Slowly, slowly, Brenda Fassie, the original South African pop diva, seems to be finding her feet again. Charl Blignaut joins her in the studio where she’s recording a new album
Over the years, I have come to the conclusion that there is no way to write a Brenda interview without its being personal. That’s because there really is no such thing as a Brenda “interview”. Every self-respecting hack who’s been around the block has done the “Waiting for Brenda” or “Trying to keep up with Brenda” piece. You don’t “interview” Brenda, you experience her. You could be the recipient of her venom or of her devoted attention. Most likely it’ll be both – with switches happening when you least expect them. Then again, maybe it’s just me. As I said, it’s a personal thing.
The one minute she’s outside crying on the balcony because you’ve really upset her and hurt her career, the next she’s feeding you her lunch. And that’s probably because, like any serious pop star anywhere in the world, Brenda Fassie has a love-hate relationship with the media. I’ve interviewed other famously difficult people like Naomi Campbell and Boy George and have remained reasonably calm. But, without fail, each time I prepare to interview Brenda, I’m deeply on edge for days. Because no matter what you’re thinking, you seldom know what she’ll do next; you’re never quite ready for her. The point is that Brenda Fassie, whether she’s topping the charts or lying in the gutter, is every inch a star. She makes her own rules.
“Follow me,” shouts Brenda, dashing past the couches at reception, “I’m in the middle of a song!” This time it’s a flash of straight bobbed wig and denim shorts. By the time we turn the corner into a corridor of the CSR recording studios in Johannesburg, she has already disappeared from sight.
We enter the studio where Godfrey Pilane, the young producer of her next album, is sitting before his state-of-the-art mixing desks, dials, synthesisers and monitors. He’s picked up the track from where he and Brenda left off and before you can say the words “Hi Godfrey” it’s work as usual.
The intrusion of a clutch of journalists and photographers seems to have no effect on Pilane. I reckon that after three days of working with Brenda he’s already perfectly used to the odd Richter- measurable quake of activity, emotion and/or creativity to come spinning through the small studio.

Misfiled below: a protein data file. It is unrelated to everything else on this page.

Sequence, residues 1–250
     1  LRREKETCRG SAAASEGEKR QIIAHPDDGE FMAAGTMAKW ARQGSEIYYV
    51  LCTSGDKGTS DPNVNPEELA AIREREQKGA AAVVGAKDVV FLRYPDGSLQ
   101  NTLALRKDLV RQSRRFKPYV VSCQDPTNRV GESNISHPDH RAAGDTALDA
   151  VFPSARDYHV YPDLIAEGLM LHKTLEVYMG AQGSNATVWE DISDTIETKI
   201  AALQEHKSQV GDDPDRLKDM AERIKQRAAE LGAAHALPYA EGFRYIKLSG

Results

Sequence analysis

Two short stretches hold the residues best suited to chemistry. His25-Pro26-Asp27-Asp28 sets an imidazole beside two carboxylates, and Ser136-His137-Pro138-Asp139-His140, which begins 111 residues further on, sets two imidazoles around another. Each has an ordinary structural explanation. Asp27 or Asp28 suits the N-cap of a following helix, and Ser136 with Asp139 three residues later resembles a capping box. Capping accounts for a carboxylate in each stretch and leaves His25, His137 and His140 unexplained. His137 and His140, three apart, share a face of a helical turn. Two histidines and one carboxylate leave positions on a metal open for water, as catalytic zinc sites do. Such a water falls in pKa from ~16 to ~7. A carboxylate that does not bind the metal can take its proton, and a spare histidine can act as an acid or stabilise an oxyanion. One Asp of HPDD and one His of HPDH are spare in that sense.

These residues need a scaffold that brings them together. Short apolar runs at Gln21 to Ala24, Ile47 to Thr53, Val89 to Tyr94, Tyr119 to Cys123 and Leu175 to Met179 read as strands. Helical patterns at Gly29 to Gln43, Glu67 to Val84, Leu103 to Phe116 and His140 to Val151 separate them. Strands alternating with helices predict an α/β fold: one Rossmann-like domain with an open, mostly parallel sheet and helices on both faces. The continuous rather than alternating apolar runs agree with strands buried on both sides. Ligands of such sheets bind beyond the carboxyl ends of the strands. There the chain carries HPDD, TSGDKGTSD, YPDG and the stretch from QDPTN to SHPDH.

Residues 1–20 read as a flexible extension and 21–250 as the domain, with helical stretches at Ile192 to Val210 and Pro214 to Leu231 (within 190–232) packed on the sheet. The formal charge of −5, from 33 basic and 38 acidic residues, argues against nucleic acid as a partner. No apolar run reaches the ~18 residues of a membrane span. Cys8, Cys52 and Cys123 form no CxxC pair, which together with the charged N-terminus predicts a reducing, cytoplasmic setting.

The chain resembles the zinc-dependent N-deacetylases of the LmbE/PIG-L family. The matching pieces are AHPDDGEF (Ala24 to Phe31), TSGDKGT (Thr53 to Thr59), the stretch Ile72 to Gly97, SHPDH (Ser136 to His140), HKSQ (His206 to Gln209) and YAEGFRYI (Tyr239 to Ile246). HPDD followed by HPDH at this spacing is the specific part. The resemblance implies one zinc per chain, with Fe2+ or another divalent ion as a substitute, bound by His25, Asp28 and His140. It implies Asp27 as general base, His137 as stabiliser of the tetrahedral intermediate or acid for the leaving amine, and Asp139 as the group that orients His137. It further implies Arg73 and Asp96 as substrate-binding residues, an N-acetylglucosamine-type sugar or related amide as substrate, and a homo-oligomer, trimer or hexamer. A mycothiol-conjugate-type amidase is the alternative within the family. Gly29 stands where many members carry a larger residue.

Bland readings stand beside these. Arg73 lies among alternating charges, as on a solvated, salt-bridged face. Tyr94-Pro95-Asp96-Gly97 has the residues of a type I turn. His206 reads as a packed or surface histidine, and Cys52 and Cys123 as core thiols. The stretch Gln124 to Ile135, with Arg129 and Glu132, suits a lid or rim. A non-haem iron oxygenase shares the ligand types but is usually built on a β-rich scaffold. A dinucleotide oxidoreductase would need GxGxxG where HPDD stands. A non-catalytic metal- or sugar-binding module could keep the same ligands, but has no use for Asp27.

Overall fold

I settle into a chair to watch them work and I hear Brenda’s vocals on a new song called Love Affair. At first I think it’s a recording, but then I see she’s singing it live. I’ve never seen her so happy – alone with a microphone behind the tinted glass of the sound booth.
I have interviewed Brenda before and I have watched her perform and I think I know the score: The hyper-energetic diva who demands huge amounts of attention but can also be outrageously generous towards her friends. The artist who can be impossible to pin down, but once you do is worth every second of the recording time. The little girl who just wants to be loved but who is now a woman who no longer knows who to trust. The prima donna with a huge appetite for life and other substances. The mother to a teenage son.
But nothing I’d seen or heard or read had prepared me for the experience of watching her record a song last Friday afternoon. Critics and musicians speak of her amazing voice, but you still can’t believe the passion or the spontaneity. Inside the booth her hands fly into the air as she quite literally busks the lyrics to a jazzed-up, slowed-out kwaito tune. A creative connection between singer and producer is one thing, getting tracks in the bag is another. This is the third day that Fassie and Pilane have spent in studio. They have already completed three seriously amazing songs.
When she comes out into the studio they listen to the new track and Brenda starts jiving. “I love my music,” she shouts over the song. “I don’t need you to love my music. As long as I do, it’s okay …” The photographer starts taking pictures and now Brenda’s really in her moment. For a woman whose career is, according to certain local papers, all but dead, her new track is pretty damn alive.
This is the highlight of Pilane’s career. “I’ve always been a fan,” he tells me later, “and I always wanted to work with Brenda. So when I got the chance I went for it. I write the music and I don’t know what Brenda does, but she comes in and makes the song sound different. We don’t sit down and write lyrics, Brenda just jams and makes her own lyrics … “
Throughout her career Brenda has been with CCP records, the local division of EMI, headed up by her longtime record boss, Harvey Roberts. He is a constant factor in her professional life and “the only person who can tell me `no'”. And there’s her old friend, Nombulelo, who hovers constantly, and “looks after my fridge”; and Pam Devereux-Harris, who has produced some 17 of Brenda’s astonishing 21 music videos in a 10-year stint in local pop. From Weekend Special onward, her iconography has spread across the dancefloor. From the days when Yvonne was “in love with a DJ” and Brenda was bouncing across Eighties studio backgrounds through to the cover of this art section (which features a still from the most recent of her videos, Kutheni, about Poppie Sihlahla, Brenda’s great love who died).